By Jim Selman | Bio
I have had several conversations with friends in Buenos Aires about how people deal with their financial security in their older years. To my surprise, the uniform answer is that they mostly don’t. Then I hear a story which, by my naïve North American standards is shocking, but whhich reveals something important for all of us as we contemplate our own future and worry about the uncertainties in the financial markets.
The story goes like this. Prior to 1994, all pensions in Argentina were managed by the government. People would put 15% of their income into the ‘fund’ and the way things were managed, they would receive a very low stipend of a couple of hundred dollars a month. Basically, the policy and programs created a virtual certainty that getting old was a sentence to living in poverty unless an individual had family to care for them. In 1994, the national strategy shifted the strategy to the private sector and tax-free incentives similar to our 401K accounts. People had some say about where they put their money. In 2004, the laws were amended again to a system of both public and private pension programs and people were given a one-time option to choose between them.
In 2008, according to everyone I spoke to, the current government has ‘reappropriated’ roughly $30 billion in private pensions. The persons I have been speaking to are not shy about accusing the government of ‘stealing’ the pensions and, given the history of corruption in Argentina, it is likely to be the case. No one I have spoken to expects to get anything by the time they retire. At the moment, an international judiciary has blocked the process since much of the pension money is in financial institutions around the world. The outcome of what will happen is unclear, but most folks seem to agree that the government will win, since the majority of the population seems to be resigned that these kinds of corrupt moves are simply ‘the way it is’.
Now I don’t think that the US has overt corruption, but the fact is that the Social Security system is facing eventual bankruptcy due to the fact that it has been a piggy bank for financing the government under both political parties for years. As a consequence, millions of Americans are facing the same kind of uncertainty as the population in Argentina. Hopefully, the process of changing Social Security will be slow enough and well enough managed to minimize suffering among our older citizens.
We can see equally sad, even tragic examples of pensions disappearing or being cut back through private sector management and business failures in companies like United Air Lines and Enron. We can predict the same sorts of shocks will happen in the auto industry. When companies go into Chapter 11, they often feel justified in walking away from their obligations to employees—the money is gone. But this is a societal issue and a moral one. There is no excuse for a company or a government taking an employee’s money and promising a pension in return and then spending, squandering or stealing that money for short-term expenditures no matter what.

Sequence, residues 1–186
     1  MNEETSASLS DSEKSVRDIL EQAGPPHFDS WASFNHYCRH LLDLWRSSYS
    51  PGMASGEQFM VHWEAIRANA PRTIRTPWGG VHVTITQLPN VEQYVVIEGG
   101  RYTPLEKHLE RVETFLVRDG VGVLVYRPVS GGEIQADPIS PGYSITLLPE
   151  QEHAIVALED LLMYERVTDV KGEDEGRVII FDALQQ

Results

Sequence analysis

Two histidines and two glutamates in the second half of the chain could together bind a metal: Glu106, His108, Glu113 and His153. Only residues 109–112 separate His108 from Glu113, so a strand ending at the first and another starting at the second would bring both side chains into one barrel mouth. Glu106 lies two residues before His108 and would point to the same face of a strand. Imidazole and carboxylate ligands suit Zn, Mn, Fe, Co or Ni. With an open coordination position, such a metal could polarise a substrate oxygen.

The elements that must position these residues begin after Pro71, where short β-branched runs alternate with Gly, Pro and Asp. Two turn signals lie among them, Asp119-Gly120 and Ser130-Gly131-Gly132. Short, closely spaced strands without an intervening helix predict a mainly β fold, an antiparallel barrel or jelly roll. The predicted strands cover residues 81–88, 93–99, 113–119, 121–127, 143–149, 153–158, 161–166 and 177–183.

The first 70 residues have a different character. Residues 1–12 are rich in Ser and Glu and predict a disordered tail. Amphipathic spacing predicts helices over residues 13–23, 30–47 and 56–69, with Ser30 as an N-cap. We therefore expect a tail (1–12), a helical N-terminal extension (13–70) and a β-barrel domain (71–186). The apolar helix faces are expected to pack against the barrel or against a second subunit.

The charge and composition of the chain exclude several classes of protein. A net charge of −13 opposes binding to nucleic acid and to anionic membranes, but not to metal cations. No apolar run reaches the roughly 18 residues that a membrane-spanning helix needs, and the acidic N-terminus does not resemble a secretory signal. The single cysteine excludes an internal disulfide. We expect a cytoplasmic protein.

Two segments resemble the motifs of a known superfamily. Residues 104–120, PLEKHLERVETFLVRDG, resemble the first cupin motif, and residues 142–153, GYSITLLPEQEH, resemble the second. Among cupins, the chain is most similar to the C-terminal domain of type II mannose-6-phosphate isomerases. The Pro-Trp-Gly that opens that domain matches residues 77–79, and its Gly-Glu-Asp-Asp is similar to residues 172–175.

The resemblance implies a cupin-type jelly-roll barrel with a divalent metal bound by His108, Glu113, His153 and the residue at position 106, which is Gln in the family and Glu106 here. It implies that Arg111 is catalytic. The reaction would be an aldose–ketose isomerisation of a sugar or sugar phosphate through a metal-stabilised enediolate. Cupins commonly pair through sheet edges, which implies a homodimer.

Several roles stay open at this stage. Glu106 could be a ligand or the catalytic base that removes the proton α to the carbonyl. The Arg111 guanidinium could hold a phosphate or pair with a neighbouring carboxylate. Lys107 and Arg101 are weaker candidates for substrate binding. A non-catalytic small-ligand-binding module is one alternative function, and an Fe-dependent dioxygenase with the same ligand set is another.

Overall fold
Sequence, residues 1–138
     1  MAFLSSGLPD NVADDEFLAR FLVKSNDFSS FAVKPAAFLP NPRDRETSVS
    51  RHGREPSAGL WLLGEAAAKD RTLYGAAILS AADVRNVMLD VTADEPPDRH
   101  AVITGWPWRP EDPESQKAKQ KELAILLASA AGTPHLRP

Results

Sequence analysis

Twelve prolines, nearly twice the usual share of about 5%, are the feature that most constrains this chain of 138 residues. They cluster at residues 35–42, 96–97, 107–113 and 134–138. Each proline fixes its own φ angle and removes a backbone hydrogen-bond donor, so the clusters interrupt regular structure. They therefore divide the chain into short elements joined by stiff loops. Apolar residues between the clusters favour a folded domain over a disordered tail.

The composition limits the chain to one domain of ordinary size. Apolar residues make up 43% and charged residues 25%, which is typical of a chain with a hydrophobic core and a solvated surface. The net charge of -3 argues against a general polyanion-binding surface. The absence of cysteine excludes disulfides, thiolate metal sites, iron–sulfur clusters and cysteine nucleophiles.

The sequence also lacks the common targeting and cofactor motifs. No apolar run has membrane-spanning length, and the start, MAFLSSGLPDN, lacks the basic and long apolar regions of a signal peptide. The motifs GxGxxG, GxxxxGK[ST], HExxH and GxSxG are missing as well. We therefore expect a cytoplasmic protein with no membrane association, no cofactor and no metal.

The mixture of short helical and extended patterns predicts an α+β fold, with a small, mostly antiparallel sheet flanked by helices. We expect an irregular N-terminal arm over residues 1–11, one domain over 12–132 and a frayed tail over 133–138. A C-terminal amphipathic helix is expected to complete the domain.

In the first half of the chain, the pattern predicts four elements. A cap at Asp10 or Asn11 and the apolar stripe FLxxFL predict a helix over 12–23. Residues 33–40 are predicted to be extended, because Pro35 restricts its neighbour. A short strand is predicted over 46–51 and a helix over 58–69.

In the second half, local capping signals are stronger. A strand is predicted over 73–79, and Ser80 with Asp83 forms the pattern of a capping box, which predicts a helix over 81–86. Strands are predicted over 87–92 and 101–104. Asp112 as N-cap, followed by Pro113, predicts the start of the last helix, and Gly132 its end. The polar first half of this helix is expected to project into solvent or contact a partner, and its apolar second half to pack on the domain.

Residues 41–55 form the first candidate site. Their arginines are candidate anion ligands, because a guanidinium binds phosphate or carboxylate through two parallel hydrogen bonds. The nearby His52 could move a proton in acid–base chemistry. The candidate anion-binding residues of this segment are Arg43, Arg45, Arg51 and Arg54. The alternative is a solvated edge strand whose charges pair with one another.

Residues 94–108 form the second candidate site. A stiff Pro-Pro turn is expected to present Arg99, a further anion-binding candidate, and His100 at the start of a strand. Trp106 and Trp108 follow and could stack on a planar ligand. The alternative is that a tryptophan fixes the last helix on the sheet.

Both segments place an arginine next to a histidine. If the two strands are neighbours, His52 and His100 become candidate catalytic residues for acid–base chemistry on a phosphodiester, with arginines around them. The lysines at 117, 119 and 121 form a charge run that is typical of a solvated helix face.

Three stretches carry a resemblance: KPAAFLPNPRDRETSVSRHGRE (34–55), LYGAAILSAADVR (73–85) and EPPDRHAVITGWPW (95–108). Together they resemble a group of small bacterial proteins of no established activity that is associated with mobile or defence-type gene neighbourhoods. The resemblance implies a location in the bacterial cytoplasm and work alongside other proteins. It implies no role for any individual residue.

The consequence of these practices—whether legal or illegal—amount to the same thing. They foster distrust, resignation and even cynicism on the part of the general population that in turn undermines individual participation and responsibility in the democratic process. When this occurs, the government becomes an even more self-serving enterprise and we all suffer falling into the kind of societal malaise that has haunted Argentina and other countries for decades. It is a vicious cycle of greed and self-interest that eventually destroys the society.
Desmond Tutu has created an organization called “The Elders” based on the belief that the older and hopefully wiser members of the society must take the lead in addressing these kinds of intractable problems. His organization is giving global visibility to the importance of ‘seniors’ participation in the political process if we’re to make progress in bringing about social justice and environmental sustainability. But most of us do not have access (or in some cases, even interest) in planetary-scale issues. We care about the quality of life at the community level. We need to organize and empower elders at the community level and, at the same time, open channels of communication and collaboration between generations. This is what The Eldering Institute and The Eldering Manifesto are all about.
If you haven’t already, I encourage everyone to sign the manifesto at www.elderingmanifesto.com and give your voice to the possibility of a world that works for everyone.